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Sternpassage

Astronomers observe stellar transit – flying close to a nearby star causes eruptions and turbulence in a young star system

The action took place: Astronomers observed a rare cosmic event – a star flyby of a young planetary system. The passing star caused a visible disturbance in the dust disk of Z Canis Majoris, leaving long filaments of gas and dust behind. This event is exciting, among other things, because the Solar System may have experienced such stellar passages.

Stars are rarely born singly, and they usually form in dense clusters of many young stars. As a result, close encounters between them can happen quite frequently, especially in the early days. Such stellar orbits create gravitational disturbances, which can strongly affect the evolution of a young star and especially its planets. According to current theory, such a stellar corridor in the solar system could, among other things, comets orbits, and perhaps even exoplanets.

Images of binary star Z Canis Majoris with its dusty disc bump and bright spot of the passing stellar body (bottom right). MA Alma (ESO/NAOJ/NRAO), S. Dagnello (NRAO/AUI/NSF), NAOJ

mysterious branch

But until now, astronomers have rarely been able to observe such stellar passages. But a team led by Rubing Dong of Victoria University in Canada has now picked up a red-handed star. It was observed when astronomers examined the binary star system Z Canis Majoris, which is about 3750 light-years away, using the Atacama Large Millimeter/submillimeter Array (ALMA) and Very Large Array (VA) radio telescopes.

This star system in the constellation Canis Major, which is about a million years old, is still surrounded by a large protoplanetary disk of gas and dust. A clear, long filament-shaped extension stems from this disc to the southwest. “The origin of this impulse has always been a mystery,” the astronomers explain. It is thought to be caused by molecular outflow, a helical arm caused by gravitational instability, or the remnants of a trapped gas cloud, depending on the hypothesis.”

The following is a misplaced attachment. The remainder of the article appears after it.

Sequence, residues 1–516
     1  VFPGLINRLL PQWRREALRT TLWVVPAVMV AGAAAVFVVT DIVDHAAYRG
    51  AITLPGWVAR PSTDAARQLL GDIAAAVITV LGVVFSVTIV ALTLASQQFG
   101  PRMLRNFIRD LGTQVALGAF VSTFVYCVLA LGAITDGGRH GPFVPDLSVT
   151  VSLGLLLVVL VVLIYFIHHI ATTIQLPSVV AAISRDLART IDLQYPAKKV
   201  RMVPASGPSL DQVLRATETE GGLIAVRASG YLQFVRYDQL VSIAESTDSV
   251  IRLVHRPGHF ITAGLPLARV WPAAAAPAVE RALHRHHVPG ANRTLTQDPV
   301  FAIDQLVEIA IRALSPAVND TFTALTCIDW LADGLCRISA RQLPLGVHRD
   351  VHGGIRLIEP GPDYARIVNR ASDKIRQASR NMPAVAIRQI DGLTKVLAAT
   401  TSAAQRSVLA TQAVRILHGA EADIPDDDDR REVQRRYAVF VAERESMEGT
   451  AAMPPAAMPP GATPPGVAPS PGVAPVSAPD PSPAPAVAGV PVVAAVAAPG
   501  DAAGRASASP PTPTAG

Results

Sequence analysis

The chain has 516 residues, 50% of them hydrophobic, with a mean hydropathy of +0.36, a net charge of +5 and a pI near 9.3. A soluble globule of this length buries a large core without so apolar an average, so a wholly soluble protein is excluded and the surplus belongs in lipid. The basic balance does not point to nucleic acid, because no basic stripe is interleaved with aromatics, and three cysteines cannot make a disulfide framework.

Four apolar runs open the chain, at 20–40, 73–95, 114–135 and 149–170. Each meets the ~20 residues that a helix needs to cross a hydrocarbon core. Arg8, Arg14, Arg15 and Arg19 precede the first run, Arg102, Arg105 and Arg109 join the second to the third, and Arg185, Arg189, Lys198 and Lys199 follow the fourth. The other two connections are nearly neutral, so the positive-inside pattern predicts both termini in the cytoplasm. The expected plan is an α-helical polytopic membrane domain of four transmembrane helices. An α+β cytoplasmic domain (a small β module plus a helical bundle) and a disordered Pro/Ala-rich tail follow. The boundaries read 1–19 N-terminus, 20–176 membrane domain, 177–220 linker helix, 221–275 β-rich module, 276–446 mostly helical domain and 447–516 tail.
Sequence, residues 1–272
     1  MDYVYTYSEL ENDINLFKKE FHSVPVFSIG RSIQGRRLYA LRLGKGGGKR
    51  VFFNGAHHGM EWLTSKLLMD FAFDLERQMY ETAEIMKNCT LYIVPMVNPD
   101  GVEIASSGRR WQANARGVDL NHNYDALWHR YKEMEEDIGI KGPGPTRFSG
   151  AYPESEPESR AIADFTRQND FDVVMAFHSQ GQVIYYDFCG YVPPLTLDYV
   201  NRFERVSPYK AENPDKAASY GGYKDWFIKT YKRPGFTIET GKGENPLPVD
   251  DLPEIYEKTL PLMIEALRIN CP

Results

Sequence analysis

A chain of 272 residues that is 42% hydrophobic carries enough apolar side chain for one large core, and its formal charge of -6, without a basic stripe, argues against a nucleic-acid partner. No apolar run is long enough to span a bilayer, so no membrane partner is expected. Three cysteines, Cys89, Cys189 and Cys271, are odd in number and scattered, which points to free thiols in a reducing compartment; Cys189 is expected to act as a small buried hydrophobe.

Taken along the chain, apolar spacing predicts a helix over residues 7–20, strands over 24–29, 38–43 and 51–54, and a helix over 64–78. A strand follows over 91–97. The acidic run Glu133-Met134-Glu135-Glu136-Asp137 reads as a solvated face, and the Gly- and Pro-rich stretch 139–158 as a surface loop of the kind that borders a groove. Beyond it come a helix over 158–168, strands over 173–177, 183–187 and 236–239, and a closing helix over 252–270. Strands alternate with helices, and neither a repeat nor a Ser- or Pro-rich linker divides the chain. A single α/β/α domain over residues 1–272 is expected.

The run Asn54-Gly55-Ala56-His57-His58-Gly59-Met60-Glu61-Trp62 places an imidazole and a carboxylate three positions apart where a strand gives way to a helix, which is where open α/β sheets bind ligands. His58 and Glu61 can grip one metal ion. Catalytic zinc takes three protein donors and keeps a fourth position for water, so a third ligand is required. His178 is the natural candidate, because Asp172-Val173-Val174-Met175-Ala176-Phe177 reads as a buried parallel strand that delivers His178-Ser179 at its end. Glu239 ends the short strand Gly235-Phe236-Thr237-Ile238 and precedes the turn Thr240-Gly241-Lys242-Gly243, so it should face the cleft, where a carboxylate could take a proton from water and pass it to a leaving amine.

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The point of light reveals the possible “culprit”

However, new observations with ALMA and VLA revealed a previously overlooked element: About 4,700 astronomical units of the binary star, the researchers detected a tiny point of light that lies precisely in the stretch of the mysterious spur. “The newly discovered C light source points to another scenario we consider to be the most likely: C could be a young stellar object that recently made a close pass of Z Canis Majoris,” the team said.

This flyby of the young star could explain how the long streak of gas and dust formed: the passage of the interstellar body caused a gravitational disturbance that removed some material from the planetary disk of the young binary star. “The impulse is thus a structure that arose through these interactions,” Dong and colleagues explain.

Run past at a 45-degree angle

According to additional simulations, the stellar body should have rushed into the star system and its dust disk at a 45-degree angle and on a parabolic trajectory. The team explains that the young star was moving forward — in the same direction as the turntable, because the retrograde lane results in much weaker effects. Then the pass occurred at a distance of about 3,000 AU from the center of the system – thus a good 2,000 AU from the edge of the dust disk.

However, the effects of gravity were enough to tear two spiral protuberances from the star system. The astronomers explain: “These arms are located at different levels, and therefore they are illuminated at different levels.” This is why only the arm that is more towards us can be considered an extension in telescopic images. At the same time, the star’s corridor also explains why the young double star shows an especially large number of bursts of radiation – this can also be caused by gravitational disturbance.

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If we look at the past in our solar system

“Our discovery shows that close encounters between young stars occur not only in simulations, but also in reality,” Dong says. “While previous observations have seen potential fly-bys, they haven’t seen as many details and evidence as we did with Z Canis Majoris.” Such events have an impact on the evolution of potential planets in turbulent systems.

“Studying these types of events also gives us a window into the past, including developments that may have occurred in the early days of our solar system,” Dong says. While their traces have long since disappeared, possible events in other star systems can now be understood. “We can then say: Ah! This is what happened a long time ago in our solar system.” (Natural Astronomy, 2022; doi: 10.1038/s41550-021-01558-y)

Quelle: National Radio Astronomy Observatory